Plymouth have announced plans to integrate a cycle hire hub into a derelict corner of their old harbourfront naval buildings.
The bike hire point that has been put forward for consideration in Royal William Yard will see two old archways transformed into a storage facility for 30-50 bikes and a rental reception area.
The plans will be part of a project that aims to provide links between cycle hire locations in the Hoe and Barbican areas of the city.
However, schemes with a not-so-different premise have been blighted by poor uptake around the country. Take Scottish town Dumfries’ struggling project for example, or Nottingham’s scheme which saw less than one bike hired per day in its first six months.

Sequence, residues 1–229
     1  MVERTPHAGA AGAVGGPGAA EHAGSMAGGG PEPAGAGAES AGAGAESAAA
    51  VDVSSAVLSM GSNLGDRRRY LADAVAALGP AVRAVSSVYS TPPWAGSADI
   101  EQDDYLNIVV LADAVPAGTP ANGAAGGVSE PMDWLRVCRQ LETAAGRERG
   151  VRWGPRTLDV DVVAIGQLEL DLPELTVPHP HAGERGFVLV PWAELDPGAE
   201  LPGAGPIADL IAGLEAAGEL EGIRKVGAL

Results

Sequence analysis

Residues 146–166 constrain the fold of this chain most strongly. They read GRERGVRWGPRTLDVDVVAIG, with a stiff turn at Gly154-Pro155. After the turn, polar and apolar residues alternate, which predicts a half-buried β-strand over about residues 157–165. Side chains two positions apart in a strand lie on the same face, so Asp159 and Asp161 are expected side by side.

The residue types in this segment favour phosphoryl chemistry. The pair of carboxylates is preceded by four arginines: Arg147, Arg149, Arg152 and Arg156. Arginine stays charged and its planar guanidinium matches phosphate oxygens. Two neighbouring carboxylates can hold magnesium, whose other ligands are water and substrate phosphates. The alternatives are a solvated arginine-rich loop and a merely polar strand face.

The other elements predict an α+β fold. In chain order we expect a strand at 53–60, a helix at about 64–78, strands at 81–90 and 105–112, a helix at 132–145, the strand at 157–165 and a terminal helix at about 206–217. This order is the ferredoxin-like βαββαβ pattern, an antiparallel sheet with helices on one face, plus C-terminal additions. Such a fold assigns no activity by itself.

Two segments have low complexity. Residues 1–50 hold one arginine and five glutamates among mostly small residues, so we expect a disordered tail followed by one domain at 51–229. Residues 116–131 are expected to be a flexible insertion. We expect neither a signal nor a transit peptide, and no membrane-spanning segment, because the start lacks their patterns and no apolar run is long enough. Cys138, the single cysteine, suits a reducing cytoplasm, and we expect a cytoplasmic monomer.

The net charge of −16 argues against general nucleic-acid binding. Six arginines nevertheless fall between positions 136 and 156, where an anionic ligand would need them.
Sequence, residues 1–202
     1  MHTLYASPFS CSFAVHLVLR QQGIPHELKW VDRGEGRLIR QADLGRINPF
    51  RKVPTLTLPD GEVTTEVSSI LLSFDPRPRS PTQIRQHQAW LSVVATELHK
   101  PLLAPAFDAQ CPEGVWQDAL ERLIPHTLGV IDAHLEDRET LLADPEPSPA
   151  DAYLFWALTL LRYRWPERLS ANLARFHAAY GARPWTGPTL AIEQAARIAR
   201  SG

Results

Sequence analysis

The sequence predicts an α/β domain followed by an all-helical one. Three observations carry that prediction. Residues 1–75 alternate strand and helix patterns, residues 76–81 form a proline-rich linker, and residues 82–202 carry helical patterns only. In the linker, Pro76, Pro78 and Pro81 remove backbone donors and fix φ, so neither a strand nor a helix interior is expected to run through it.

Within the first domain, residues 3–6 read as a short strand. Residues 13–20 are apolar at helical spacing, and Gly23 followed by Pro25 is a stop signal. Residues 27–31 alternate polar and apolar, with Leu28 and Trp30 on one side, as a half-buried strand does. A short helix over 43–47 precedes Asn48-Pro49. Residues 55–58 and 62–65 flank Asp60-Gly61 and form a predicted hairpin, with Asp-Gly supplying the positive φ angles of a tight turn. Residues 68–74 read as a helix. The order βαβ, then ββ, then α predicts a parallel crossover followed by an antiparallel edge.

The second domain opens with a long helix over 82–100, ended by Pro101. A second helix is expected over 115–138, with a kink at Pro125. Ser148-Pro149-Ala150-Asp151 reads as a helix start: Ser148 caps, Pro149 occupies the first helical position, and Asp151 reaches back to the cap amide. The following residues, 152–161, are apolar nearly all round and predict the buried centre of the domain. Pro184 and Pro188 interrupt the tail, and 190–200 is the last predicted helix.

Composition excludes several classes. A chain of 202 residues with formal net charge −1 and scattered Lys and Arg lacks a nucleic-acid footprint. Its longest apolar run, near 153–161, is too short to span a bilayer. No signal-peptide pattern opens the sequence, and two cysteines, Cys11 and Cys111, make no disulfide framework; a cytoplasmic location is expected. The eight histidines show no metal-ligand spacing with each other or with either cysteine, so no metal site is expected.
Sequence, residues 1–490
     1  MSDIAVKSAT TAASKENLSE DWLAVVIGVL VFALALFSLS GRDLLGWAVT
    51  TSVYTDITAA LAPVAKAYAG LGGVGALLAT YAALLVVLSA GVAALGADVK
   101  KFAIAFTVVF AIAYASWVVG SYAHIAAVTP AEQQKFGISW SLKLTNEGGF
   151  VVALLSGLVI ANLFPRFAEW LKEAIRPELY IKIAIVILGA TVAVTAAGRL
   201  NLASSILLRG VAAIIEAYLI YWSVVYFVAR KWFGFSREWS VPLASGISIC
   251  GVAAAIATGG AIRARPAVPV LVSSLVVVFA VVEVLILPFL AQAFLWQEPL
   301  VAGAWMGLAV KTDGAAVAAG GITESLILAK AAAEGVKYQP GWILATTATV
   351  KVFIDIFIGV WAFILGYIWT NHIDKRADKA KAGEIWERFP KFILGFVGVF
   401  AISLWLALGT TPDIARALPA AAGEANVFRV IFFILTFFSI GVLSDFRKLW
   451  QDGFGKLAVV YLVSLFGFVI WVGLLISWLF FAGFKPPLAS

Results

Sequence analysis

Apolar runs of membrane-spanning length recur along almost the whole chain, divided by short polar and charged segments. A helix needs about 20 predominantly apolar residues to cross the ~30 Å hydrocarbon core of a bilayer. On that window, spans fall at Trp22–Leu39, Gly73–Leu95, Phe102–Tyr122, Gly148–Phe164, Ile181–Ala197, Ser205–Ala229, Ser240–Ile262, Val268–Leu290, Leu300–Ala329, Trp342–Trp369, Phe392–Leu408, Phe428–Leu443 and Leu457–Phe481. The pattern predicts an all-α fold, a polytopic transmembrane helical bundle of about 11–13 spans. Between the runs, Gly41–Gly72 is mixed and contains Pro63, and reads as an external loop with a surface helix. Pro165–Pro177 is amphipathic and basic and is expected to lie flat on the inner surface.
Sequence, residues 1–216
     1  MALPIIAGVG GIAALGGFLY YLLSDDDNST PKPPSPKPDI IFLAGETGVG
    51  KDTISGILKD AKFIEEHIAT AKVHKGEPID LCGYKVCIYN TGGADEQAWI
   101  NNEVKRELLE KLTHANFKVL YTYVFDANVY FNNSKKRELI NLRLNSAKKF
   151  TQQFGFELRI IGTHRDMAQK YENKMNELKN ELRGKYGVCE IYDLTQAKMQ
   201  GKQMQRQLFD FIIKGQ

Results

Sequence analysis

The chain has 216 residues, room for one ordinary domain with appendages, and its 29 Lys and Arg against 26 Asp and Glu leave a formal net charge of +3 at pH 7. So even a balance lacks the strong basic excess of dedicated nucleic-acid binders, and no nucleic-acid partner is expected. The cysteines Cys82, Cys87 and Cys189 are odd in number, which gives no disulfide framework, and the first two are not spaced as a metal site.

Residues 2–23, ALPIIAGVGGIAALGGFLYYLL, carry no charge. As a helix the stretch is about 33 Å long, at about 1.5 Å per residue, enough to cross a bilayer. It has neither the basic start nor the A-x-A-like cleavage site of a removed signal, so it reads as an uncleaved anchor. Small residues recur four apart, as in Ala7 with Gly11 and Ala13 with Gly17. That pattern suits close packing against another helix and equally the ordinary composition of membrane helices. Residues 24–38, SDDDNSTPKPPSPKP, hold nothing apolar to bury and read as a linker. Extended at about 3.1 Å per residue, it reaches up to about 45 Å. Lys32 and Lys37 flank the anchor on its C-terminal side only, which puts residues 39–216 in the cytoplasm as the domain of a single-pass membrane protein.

Even cycle hire schemes that have been received well have often faced overwhelming maintenance costs; Blackpool’s highly touted Cycling England backed scheme being one of them.
The difference in Plymouth’s plans are scale. The proposed harbourside hub is not as ambitious as the 500-strong Blackpool fleet, nor is its audience as small as the 43,600 residents of Dumfries.
The seaside city is already home to a number of small, bicycle rental companies, the stand out of which is a bus which drops off bikes at any given location within the city.
But, while Plymouth’s approximately 250,000 residents are well catered for when it comes to bicycle rental services, the planned Royal William Yard hub could bring a convenient, small-scale low-risk cycle hire option to a city that clearly has a market for bike rentals.